LML Publicizes Results of a Successful Patent Protection Strategy

LML Patent Corp. Inc., a fully-owned U.S. subsidiary of Vancouver-based LML Payment Systems Inc., provides financial payment processing solutions for e-commerce and traditional businesses. It appears by all accounts they own U.S. Patent No. RE40220, Check Writing Point of Sale System, filed 6-12-2004, issued 4-8-2008, and assigned to LML Patent Corp. in the patent document.           

The topic sentence of the Abstract for RE40220 reads:  A point of sale system designed to read information from a consumer’s check, credit card, or manual input with a subsequent debiting of a consumer’s account and crediting merchant’s account for the goods or services provided.

In essence, this invention brings check handling into the paperless world eliminating the processing and physical handling of commercial bank drafts, replacing those bank drafts at the point of sale.

Upon issuance of RE40220, LML immediately publicized the existence of the patent.

Once the corral was built and the gates oiled, it didn’t take long before LML started the round-up.

LML Patent Corp. Files Patent Infringement Suit Against 19 Defendants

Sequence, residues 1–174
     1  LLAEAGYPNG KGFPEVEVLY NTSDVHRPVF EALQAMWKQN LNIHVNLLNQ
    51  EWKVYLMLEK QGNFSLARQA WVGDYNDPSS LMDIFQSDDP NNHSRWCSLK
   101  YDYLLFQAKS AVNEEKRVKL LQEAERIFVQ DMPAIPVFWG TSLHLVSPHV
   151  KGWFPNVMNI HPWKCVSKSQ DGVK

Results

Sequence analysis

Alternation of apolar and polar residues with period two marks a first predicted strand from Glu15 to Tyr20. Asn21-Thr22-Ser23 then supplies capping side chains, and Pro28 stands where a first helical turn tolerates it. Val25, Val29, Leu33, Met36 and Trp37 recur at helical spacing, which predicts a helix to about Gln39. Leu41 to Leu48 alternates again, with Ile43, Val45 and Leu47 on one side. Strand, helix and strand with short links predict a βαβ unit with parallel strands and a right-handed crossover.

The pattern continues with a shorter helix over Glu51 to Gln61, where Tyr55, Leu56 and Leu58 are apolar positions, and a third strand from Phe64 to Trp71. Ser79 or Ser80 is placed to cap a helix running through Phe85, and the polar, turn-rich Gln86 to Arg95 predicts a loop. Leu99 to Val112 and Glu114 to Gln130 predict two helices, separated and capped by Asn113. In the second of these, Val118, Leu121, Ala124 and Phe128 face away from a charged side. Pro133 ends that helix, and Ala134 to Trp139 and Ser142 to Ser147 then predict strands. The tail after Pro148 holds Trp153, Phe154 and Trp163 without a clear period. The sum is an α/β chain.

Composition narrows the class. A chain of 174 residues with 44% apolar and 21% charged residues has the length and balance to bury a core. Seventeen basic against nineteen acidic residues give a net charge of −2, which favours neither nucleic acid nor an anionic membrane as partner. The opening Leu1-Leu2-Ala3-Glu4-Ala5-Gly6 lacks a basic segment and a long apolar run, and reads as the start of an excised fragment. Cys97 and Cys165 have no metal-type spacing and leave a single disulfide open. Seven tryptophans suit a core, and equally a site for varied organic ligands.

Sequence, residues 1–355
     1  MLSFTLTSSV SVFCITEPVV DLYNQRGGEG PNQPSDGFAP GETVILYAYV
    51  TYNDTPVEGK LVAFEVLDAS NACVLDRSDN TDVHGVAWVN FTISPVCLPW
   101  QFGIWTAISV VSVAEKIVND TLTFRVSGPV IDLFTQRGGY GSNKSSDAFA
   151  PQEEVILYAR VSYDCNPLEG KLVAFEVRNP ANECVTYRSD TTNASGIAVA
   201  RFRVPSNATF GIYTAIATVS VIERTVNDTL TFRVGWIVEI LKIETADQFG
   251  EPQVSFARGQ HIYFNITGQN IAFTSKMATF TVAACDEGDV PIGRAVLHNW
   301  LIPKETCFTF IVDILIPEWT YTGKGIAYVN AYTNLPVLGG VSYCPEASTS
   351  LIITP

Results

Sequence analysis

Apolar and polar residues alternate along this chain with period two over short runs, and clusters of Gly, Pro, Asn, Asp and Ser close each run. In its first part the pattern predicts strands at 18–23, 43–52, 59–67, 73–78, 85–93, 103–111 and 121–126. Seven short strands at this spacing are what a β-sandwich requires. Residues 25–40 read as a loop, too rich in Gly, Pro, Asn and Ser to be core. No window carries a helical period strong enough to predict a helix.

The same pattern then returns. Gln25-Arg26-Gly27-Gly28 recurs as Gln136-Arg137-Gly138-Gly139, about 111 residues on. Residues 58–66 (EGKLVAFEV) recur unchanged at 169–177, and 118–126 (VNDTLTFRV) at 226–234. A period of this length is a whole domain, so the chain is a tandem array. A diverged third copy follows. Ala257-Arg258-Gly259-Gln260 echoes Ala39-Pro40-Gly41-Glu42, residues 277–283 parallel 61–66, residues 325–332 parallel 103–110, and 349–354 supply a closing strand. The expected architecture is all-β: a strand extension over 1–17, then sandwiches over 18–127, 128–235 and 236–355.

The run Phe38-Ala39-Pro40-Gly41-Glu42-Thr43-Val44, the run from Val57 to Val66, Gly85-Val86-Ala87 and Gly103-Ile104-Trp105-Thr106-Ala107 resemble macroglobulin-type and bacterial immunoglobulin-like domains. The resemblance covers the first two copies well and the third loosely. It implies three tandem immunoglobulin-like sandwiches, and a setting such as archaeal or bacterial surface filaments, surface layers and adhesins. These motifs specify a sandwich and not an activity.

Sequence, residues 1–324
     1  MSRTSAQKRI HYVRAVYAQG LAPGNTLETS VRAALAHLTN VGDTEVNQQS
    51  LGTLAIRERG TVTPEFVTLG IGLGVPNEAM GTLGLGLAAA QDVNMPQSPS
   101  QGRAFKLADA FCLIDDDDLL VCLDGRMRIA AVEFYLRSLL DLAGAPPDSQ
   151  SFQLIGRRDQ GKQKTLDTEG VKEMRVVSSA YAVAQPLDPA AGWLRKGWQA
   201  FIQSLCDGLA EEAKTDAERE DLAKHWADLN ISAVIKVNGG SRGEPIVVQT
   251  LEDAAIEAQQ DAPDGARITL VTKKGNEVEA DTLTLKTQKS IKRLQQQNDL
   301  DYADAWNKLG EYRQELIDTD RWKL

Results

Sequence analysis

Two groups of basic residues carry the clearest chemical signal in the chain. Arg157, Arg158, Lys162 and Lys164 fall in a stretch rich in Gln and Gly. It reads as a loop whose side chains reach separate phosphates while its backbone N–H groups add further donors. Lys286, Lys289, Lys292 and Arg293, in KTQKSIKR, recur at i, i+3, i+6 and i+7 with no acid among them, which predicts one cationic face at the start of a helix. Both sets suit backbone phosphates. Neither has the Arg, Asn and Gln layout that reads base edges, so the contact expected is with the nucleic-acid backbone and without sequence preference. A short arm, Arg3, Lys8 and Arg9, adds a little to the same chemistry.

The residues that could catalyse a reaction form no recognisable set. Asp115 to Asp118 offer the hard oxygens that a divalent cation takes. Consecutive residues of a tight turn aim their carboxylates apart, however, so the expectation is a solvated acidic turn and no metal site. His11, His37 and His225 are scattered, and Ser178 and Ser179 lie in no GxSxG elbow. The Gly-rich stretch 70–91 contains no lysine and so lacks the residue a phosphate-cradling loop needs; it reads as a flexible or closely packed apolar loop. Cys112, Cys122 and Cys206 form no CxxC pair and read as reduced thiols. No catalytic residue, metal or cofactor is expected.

This is how the GLOBE NEWSWIRE headline read in Vancouver, B.C., on Nov. 24, 2008.

Choosing the Eastern District of Texas venue, LML sued for infringement JP Morgan Chase & Co., WellsFargo & Company, Wachovia Corp., Citigroup, Inc., HSBC and PayPal and 13 more companies that provide equipment, systems and services that convert paper checks into electronic transactions at the point of sale. 

Realizing that they had some less obvious strays, LML struck out again in mid-2009 against six more offenders, among them the National Bank of Daingerfield and the American National Bank of Texas, again seeking “damages, injunctive and other relief” for infringement of RE40220. In all, LML sued 25 defendants.

Publicizing their largest settlements, LML announcedlast week it had agreed to a $7.5-million settlement with Citigroup a $5.5-million settlement with HSBC. The paid-up license agreements, which back-pay for the use of LML technology from 2008, and allow the two banks to use LML technology for check conversion transactions until January 2013 (patent expiration), help valuators get a sense of RE40220’s value, when the $13M is combined with the $9M in settlements already reached with 12 other defendants.